Checking for pests and dusting down documents, dressing up in First World War uniforms and telling all about the military collection, designing an exhibition of their five favourite things.
This Thursday, children will be at the heart of museums, historic homes, castles, archives and libraries throughout Wales, doing grown-up jobs.
This Thursday 12 November is Taking Over Day – the day on which museums, castles, historic homes and archives throughout Wales are overtaken and run by children.
This record-breaking year, over 800 young people are taking on roles usually reserved for adults. They’ll be tour guides, front of house, curators, conservators, exhibition and website designers, pest controllers, shop assistants, cataloguers, environment officers and catering staff.
Look out for the ‘I’m Taking Over’ stickers they’ll be wearing and the ‘We’re Being Taken Over’ posters on the organisations’ front doors.
Run by charity Kids in Museums, supported by the Welsh Government, Taking Over Day gives children and young people a meaningful and powerful role usually reserved for adults.
Taking Over Day was launched at the Senedd on Monday 9 November with St Woolos Primary School, Newport.
Deputy Minister Ken Skates says,
‘I’m delighted that we are working with Kids in Museums, a charity that is dynamic and proactive in engaging young people with culture and in turn helping museums to think about young people and improve their service for them and their families.
‘Taking Over Day builds aspiration, ambition and confidence. It’s an excellent example of children realising what they can do.’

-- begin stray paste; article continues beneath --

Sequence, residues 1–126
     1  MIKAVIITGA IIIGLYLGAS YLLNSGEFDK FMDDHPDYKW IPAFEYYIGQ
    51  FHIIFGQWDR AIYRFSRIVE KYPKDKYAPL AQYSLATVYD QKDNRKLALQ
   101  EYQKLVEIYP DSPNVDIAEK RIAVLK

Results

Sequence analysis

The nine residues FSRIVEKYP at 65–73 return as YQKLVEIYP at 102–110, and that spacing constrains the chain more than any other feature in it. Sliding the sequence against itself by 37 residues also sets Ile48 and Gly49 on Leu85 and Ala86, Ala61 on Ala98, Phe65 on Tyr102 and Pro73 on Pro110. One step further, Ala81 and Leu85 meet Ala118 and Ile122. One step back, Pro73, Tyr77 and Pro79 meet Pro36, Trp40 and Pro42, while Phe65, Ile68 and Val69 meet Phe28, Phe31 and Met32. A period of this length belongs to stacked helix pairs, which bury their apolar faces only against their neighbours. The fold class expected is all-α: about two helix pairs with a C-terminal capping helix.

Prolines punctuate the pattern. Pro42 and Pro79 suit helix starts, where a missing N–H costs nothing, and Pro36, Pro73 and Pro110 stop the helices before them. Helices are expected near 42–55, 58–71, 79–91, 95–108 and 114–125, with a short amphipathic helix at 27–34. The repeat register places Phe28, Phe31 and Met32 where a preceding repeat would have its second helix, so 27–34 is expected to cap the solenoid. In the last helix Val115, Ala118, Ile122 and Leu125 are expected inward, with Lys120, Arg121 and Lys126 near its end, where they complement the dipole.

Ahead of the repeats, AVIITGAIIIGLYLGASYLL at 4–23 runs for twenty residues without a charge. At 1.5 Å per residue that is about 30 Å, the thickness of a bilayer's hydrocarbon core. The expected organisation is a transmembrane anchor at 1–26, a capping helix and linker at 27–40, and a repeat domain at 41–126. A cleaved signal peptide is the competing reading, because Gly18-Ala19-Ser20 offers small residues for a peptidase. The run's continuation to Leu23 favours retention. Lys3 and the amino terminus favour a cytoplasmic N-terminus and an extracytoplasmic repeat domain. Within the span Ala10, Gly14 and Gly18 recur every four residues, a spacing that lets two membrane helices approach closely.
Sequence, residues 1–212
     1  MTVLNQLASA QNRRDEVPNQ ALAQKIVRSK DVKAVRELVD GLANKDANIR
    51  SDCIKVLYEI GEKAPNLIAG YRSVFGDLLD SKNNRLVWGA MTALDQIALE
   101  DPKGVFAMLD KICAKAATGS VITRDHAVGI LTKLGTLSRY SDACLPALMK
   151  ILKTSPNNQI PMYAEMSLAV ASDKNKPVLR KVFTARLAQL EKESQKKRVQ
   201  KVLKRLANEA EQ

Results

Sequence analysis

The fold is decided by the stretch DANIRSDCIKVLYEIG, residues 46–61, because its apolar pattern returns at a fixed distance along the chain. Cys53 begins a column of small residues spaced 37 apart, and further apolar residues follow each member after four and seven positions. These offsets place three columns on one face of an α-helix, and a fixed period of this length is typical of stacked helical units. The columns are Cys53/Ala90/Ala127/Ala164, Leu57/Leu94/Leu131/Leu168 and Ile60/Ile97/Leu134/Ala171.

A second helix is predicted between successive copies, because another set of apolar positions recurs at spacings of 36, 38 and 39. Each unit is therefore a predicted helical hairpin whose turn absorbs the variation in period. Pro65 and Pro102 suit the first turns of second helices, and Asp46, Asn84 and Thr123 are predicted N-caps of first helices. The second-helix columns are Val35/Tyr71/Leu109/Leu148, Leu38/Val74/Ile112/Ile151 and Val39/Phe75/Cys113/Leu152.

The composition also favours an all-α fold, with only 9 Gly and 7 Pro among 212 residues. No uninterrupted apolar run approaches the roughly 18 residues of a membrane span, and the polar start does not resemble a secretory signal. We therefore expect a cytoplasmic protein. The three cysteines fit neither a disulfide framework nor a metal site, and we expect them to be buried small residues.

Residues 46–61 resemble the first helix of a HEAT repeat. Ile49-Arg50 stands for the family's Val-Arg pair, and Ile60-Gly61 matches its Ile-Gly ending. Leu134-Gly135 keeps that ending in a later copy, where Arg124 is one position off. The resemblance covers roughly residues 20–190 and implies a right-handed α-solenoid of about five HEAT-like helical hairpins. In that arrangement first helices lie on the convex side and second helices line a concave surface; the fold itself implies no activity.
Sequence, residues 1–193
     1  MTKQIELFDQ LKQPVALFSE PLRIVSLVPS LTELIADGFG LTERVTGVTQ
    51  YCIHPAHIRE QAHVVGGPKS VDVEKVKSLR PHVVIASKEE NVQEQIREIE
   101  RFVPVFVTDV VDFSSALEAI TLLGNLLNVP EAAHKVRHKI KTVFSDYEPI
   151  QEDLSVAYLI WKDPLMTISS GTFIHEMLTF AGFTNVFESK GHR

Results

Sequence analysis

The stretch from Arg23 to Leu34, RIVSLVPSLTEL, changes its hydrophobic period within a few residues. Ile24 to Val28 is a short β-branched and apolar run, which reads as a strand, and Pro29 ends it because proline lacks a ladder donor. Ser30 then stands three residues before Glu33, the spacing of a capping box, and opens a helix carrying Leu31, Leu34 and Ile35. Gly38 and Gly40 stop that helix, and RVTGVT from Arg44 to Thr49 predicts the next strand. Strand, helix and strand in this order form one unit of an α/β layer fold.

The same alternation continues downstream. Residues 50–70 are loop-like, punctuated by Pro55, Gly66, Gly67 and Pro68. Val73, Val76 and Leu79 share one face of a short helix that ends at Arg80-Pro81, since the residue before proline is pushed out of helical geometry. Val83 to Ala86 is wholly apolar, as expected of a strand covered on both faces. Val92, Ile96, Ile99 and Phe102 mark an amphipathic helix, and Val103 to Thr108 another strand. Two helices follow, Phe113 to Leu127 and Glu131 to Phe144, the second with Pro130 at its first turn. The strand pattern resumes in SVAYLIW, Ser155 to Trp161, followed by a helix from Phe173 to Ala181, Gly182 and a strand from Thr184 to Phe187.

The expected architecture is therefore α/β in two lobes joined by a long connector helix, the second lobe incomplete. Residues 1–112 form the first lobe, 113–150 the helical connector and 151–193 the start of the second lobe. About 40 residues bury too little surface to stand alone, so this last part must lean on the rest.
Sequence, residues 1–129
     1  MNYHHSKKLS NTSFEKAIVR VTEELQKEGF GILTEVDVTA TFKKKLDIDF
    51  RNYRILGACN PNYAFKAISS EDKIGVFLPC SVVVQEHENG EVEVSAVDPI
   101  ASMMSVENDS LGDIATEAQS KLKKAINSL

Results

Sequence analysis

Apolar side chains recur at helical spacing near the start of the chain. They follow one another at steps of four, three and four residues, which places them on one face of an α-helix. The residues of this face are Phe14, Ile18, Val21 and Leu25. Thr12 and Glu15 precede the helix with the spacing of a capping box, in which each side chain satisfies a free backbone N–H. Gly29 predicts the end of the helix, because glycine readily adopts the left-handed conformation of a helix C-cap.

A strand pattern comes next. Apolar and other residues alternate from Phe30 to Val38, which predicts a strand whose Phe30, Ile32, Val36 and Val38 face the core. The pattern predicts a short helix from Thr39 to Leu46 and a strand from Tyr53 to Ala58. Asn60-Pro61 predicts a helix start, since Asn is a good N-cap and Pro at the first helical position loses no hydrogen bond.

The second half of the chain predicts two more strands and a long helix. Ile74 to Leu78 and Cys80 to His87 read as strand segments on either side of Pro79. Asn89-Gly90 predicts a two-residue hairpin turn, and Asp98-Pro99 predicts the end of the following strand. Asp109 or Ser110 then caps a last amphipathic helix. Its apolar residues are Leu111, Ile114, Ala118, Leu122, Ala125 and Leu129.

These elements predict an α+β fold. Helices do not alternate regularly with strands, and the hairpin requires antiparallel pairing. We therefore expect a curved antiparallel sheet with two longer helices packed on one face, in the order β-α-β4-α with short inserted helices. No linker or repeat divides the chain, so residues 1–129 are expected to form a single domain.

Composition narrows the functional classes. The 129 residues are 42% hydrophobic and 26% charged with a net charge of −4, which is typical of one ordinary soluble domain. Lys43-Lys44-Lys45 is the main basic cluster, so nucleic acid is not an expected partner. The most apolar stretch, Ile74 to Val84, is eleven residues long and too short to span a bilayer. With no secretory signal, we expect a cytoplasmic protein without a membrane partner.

Actor Michael Sheen, Kids in Museums Patron says,
‘It’s brilliant that this year’s Taking Over Day is record breaking – with over 800 young people throughout Wales being right at the heart of museums, many of whom have never visited before. Young people are the heartbeat of the arts – they contribute fresh ideas and new perspectives. They look at our past to reimagine all of our futures. Taking Over Day recognises this enormous contribution that they make.’
Taking Over all over
Here’s just some of the ways in which children and young people are taking over in Wales:
At Abergavenny Museum and Castle, 30 primary school children are putting together a programme of family activities for the Summer 2016 exhibition to be part of the National Eisteddfod.
At Glamorgan Archives, Cardiff, 35 ten year olds are cleaning and repackaging dusty documents, monitoring the environmental conditions. They’ll be checking for pests, cataloguing, registering new users, retrieving papers from the strong rooms and answering research enquiries.
‘Question Time’ is taking place at Pontypool Museum, Torfaen – but with teenagers asking the questions. Baroness Kay Andrews will be grilled by 20 sixth form politics students about how the museum can help tackle poverty, all reported on social media.
At the National Waterfront Museum, Swansea, 60 eight year olds are designing an object for an exhibition and working with Young People’s Laureate, Martin Daws on interpreting it for the gallery.
At Tintern Abbey, three students are writing a guidebook for children to entice more young visitors in.
Primary school kids in First World War uniforms are running a WW1 handling exhibition at the Royal Welch Fusiliers Museum, Gwynedd, instructing visitors about the artefacts.
At Rhuddlan Castle, ten year olds are making a virtual tour of the castle.
Erddig, a National Trust historic home in Wrexham, is being run by children doing everything, from front of house to room guides.
Get in touch to find out more
If you’d like to cover Taking Over Day at a venue close to you email [email protected] and we’ll put you in touch for photo opportunities and interviews.
To find out more about Taking Over Day – and who‘s taking part – visit kidsinmuseums.org.uk/takingoverday.